From 1947 to 1990, Salvacion Lim Higgins – better known by the acronym of her name, Slim - challenged the parameters of Philippine fashion, giving it some of its earliest, and often boldest strokes. Yet perhaps her true legacy lies not in her own work but in that of succeeding generations of designers trained at the Slim’s Fashion & Arts School, which she established in 1960. The school, approaching its 50th anniversary, has seen tens of thousands of students pass through its doors to date, many having gone on to make their own indelible marks.
In keeping with her vision to nurture young talent, the Slim’s Legacy Project set out to document a body of work that spanned over four decades. A retrospective exhibition at the National Museum of the Filipino People would enable three-dimensional examination of her works, whereas the publishing of a book would provide a lasting resource for design professionals. While this endeavor showcases one example of Filipino artistry, its ultimate intent is to rouse and encourage those who will shape the future of our creative industries.
SLIM: Salvacion Lim Higgins
Philippine Haute Couture 1947-1990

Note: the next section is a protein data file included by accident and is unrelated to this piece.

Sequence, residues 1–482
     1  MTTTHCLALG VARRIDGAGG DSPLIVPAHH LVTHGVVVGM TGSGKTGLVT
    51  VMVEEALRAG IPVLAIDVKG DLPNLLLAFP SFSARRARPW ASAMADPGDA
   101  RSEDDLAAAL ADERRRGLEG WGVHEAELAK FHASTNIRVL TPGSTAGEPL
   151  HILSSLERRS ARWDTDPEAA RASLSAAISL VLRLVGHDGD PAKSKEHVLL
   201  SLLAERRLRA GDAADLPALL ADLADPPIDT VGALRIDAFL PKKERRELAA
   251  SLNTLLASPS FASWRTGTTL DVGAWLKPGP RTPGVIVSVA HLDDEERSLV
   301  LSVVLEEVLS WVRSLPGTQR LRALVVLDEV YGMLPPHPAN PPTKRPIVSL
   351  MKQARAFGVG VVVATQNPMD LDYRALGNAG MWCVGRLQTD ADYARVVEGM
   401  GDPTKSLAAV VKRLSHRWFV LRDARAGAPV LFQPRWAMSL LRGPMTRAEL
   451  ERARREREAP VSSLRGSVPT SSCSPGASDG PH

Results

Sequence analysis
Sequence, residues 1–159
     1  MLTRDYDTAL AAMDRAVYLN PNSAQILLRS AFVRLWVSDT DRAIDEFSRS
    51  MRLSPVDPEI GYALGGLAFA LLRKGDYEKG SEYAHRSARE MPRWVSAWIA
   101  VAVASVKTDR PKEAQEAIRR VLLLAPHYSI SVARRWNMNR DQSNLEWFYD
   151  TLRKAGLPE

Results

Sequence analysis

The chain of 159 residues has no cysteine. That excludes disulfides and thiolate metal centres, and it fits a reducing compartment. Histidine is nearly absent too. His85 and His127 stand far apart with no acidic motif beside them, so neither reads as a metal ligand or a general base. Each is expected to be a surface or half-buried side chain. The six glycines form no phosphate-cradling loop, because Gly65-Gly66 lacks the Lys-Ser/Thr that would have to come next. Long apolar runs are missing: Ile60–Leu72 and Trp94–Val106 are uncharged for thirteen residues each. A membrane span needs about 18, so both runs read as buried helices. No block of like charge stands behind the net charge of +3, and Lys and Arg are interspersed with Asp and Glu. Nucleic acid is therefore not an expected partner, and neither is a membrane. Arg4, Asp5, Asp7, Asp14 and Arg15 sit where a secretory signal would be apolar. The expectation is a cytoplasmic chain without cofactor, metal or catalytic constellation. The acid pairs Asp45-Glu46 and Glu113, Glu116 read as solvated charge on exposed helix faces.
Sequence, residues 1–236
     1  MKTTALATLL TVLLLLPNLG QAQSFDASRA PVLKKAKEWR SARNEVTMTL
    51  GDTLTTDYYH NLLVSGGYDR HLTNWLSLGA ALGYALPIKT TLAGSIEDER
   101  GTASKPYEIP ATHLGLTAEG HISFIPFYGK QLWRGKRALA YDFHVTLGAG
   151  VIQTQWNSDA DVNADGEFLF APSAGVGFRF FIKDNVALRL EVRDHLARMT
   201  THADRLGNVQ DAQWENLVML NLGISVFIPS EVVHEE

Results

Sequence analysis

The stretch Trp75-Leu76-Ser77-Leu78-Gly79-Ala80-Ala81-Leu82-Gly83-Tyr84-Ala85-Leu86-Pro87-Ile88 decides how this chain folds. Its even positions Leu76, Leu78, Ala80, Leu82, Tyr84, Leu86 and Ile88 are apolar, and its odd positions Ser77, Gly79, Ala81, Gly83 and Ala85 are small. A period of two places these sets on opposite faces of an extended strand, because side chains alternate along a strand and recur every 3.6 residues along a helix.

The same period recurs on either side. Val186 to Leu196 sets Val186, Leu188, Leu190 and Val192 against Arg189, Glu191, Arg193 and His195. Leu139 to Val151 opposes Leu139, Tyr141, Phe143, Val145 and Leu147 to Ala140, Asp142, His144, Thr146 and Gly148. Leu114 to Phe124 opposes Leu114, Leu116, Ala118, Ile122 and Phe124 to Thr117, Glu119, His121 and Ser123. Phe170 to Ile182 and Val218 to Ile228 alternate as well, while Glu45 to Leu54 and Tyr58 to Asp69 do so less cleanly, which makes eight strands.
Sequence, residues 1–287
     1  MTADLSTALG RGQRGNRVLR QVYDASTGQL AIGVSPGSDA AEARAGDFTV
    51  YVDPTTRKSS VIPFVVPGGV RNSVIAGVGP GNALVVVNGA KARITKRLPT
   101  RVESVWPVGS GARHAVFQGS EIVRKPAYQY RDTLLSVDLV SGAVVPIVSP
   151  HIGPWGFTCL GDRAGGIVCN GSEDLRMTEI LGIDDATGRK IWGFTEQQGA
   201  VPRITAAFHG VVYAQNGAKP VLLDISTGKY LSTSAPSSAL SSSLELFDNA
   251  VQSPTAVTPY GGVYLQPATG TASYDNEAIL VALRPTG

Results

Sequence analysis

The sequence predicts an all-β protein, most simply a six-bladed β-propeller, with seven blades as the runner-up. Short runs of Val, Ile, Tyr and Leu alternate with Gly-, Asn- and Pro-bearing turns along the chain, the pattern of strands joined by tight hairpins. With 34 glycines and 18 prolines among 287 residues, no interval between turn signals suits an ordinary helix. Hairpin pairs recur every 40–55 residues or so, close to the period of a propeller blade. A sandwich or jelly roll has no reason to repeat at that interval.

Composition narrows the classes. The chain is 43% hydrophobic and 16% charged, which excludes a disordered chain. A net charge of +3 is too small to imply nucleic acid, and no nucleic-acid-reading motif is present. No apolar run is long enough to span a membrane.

· 48 original gowns spanning four decades
· Archival magazines, sketches and press articles from the 1940’s to the 1990s
· Vintage embroidery studies & designs
· Recently restored fashion show footage from 1950s to 1990
· Sketches from some of Slim’s Fashion & Arts School’s alumni, including Joe Salazar, Oskar Peralta, Cesar Gaupo, Aries Lagat and Joey Samson
November 25, 2009 to March 31, 2010
East Wing, 4th Floor
Museum of the Filipino People
National Museum of the Philippines
Teodora-Valencia Circle, Rizal Park, Manila
10 a.m. – 4:30 p.m. (exhibits open daily except Mondays and Tuesdays)
Adults - P100 each
Students - P30 each upon presentation of ID
(For students enrolled in Philippine Schools only)
Every Sunday (Walk-ins only; no group tours)
For information on groups, tours or discounts, please call 527-0278 or email firstname.lastname@example.org
SLIM also launched a book, An in-depth documentation of Slim’s body of work, a coffee table book published in November 2009 reflects the progressive disposition in which the work was originally envisioned, communicating with new and future generations.
Curated by Mark Lewis Higgins, Slim’s work is presented through signature archetypes. Over 60 new photos by Neal Oshima and more than 70 vintage photos and archival sketches from 1947-1990. Editorial Direction by Thelma San Juan, respected advocate of Philippine fashion and text by Lizza Guerrero Nakpil offers biographical insight into the designer, and into the country's most glamorous era
The book will be substantial resource for design professionals and fashion historians.
Inside fly leaf pages features "a wall of names"...hundreds of names of design students who have studied at Slim's Fashion & Arts School over nearly fifty decades...among them some of the industry's finest professionals.
Available in hardbound and softbound editions at:
Photos from the Opening Gala event, to follow soon.